My fried eggs always stick – even in a non-stick frying pan. Y. Richards
Egg white is incredibly sticky and persistent. "As sticky as a real estate agent at an open for inspection," as a relative used to say. Egg white is so adhesive it was used to hold the pigment onto the canvases of Renaissance masterpieces and is still sticking on 500 years later. What is really frustrating is the way it works its way into tiny scratches in non-stick frying pans and hardens.
Try this trick. Line the frying pan with a square of baking paper and place the pan over medium heat. When hot, add a small pat of butter or a little olive oil to the paper and crack the eggs directly onto the paper. Cover with a lid. When done, slide off using an egg flip. You won't get crisp edges, but you will get a perfectly cooked egg and a frying pan that just needs rinsing in hot water when cool enough to handle.
Why do my sultanas smell funny? P. Turner
Thank you for mailing me the samples. I think your envelope may have gone through an Australia Post sorting machine and flattened the fruit, which led me to think I had been sent some scatological hate mail. Again. I had a sniff and I reckon you're using sultanas that have been sprayed with vegetable oil. A lot of the supermarket home brand dried fruit is sprayed with oil to prevent sticking. When exposed to air, the oil oxidises and can become rancid. It's not harmful, but it is unappetising. If you want untreated dried fruit, try Middle Eastern grocers – they generally carry really good quality nuts and dried fruit.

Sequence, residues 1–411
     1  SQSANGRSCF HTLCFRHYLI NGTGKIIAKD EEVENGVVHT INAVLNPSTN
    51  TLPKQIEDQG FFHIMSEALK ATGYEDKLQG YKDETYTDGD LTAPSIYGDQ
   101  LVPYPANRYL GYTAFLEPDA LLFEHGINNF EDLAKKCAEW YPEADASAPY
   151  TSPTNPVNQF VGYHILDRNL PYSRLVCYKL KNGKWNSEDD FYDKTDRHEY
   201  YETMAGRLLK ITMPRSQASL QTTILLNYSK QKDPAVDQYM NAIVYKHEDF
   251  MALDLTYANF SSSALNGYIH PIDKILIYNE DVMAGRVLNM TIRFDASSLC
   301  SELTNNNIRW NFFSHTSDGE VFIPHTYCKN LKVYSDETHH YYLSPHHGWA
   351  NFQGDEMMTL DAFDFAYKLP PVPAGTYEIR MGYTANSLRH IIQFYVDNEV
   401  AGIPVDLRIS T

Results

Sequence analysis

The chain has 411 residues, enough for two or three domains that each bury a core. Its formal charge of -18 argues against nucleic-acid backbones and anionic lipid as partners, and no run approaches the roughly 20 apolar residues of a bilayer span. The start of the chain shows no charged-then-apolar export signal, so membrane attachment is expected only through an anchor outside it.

I made a terrine in a food processor and it turned out crumbly. T. Riles
Terrines are held together by the protein that is released from the meat as you work it together. Heat will set this protein, preferably in the bain-marie as you cook it. Great charcutiers always refrigerate their ingredients and treat their terrine mix gently as they want to avoid friction that could prematurely set the protein. Fast-moving food processors can create friction, so when it comes to terrines make them slow and cold.
Why does sugar come in cubes? K. Dempsy
When the Portuguese arrived in what would become Rio de Janeiro, they named the rock above Guanabara Bay "Pao de Acucar" or Sugarloaf Mountain because it looked like, well, a loaf of sugar. Until the mid-1800s tea drinkers around the world who liked their tea sweet would take a pair of metal tongs to their hard lump of sugar and break off a lump to add to their beverage. In 1843 a sugar maker in what is now the Czech Republic responded to a customer's request and dissolved loaf sugar then dried the liquid sugar in square moulds. In 1875 Henry Tate developed a technique in which sugar was made in large blocks, which was then sawn into cubes. Square cubes are easy to pack and ship, making them popular with manufacturers.